2001  According to some accounts, the Archdiocese of Paris receives its first complaint against Anatrella from a former seminarian who reportedly tells the then-Paris archbishop Cardinal Jean-Marie Lustiger that the priest manipulated him into sexual acts during “body therapy” designed to treat “homosexual impulses.”

2003  Anatrella is reportedly involved in the creation of the French bishops’ document “Lutter contre la pédophilie” (“Fighting pedophilia”).

2005  Anatrella is said to have helped craft Vatican guidelines on the admission of homosexual men to seminaries. He writes a commentary on the document in L’Osservatore Romano, saying that “candidates who present ‘deep-seated homosexual tendencies,’ that is, an exclusive attraction with regard to persons of the same sex (a structural orientation) — independently of whether or not they’ve had erotic experiences — may not be admitted to seminaries and to sacred orders.”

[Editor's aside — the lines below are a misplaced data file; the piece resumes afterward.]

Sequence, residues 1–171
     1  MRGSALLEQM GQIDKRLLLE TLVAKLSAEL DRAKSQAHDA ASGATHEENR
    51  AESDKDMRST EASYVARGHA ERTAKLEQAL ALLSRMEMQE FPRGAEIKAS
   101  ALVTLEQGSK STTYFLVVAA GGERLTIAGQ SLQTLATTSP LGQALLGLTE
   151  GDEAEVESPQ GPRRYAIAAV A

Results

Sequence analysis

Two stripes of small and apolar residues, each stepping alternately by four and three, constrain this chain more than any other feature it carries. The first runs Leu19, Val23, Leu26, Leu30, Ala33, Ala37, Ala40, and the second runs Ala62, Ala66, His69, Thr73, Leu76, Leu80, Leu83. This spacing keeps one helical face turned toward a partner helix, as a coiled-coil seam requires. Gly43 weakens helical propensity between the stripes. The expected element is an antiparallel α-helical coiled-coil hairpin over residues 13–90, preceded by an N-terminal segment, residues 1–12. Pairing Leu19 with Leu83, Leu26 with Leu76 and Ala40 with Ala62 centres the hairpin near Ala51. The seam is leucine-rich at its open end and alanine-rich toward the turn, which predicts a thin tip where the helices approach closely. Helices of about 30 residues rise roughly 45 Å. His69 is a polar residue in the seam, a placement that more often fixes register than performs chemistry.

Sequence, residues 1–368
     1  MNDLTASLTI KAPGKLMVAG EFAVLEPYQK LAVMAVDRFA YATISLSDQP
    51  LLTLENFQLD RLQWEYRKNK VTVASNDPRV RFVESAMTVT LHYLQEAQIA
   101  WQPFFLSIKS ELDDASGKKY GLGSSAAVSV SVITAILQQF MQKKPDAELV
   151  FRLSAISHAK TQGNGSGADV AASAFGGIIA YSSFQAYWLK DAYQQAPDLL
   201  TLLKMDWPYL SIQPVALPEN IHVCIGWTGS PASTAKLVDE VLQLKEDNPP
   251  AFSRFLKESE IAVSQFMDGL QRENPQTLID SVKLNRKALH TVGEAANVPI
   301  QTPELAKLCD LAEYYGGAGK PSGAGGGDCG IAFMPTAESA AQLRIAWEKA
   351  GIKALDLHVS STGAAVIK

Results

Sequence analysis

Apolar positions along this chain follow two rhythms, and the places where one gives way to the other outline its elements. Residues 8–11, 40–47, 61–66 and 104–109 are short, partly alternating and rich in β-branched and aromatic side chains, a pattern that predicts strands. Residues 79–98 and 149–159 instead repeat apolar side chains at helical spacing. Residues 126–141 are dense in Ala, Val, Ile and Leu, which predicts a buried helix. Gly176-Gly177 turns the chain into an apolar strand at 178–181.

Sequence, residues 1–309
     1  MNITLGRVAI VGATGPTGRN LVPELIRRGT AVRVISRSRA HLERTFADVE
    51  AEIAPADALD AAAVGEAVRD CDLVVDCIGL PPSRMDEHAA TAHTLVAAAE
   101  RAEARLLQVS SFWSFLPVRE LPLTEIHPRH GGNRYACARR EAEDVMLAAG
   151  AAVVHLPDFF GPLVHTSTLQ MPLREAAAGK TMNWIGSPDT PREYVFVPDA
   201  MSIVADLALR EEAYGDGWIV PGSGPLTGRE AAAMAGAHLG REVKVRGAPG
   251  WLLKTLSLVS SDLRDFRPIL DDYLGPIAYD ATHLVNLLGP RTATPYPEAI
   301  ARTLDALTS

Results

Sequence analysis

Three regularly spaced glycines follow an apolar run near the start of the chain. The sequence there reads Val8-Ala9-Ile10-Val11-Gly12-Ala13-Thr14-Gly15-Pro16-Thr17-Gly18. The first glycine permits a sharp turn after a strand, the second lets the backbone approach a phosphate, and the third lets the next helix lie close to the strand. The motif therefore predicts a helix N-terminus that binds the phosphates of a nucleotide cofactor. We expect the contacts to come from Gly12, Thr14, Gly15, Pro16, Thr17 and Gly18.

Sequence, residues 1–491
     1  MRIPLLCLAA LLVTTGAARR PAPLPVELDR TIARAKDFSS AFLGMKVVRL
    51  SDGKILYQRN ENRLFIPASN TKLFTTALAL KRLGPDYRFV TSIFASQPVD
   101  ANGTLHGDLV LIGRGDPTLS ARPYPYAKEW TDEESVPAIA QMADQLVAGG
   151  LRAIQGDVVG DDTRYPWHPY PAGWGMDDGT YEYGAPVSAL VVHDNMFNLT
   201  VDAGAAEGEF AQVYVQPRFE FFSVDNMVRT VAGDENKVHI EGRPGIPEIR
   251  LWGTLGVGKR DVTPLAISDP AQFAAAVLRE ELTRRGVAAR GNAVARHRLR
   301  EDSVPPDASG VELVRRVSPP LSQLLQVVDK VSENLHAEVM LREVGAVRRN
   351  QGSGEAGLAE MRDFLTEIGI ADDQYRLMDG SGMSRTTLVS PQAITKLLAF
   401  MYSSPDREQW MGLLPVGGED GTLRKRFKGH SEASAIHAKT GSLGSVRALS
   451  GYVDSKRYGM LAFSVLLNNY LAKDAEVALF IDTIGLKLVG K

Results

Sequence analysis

2006  Accusations against Anatrella are made public for the first time in the French Catholic magazine Golias. He is accused of inappropriate conduct toward patients under the guise of “body therapy.”

2007  Three complaints against Anatrella are dismissed by the French justice system, brought by former patients of the priest, accusing him of sexually abusing them under the pretext of treatment for homosexual tendencies. Two of the claims are rejected because of the statute of limitations and one for lack of evidence. Anatrella’s attempt to sue for defamation is also dismissed.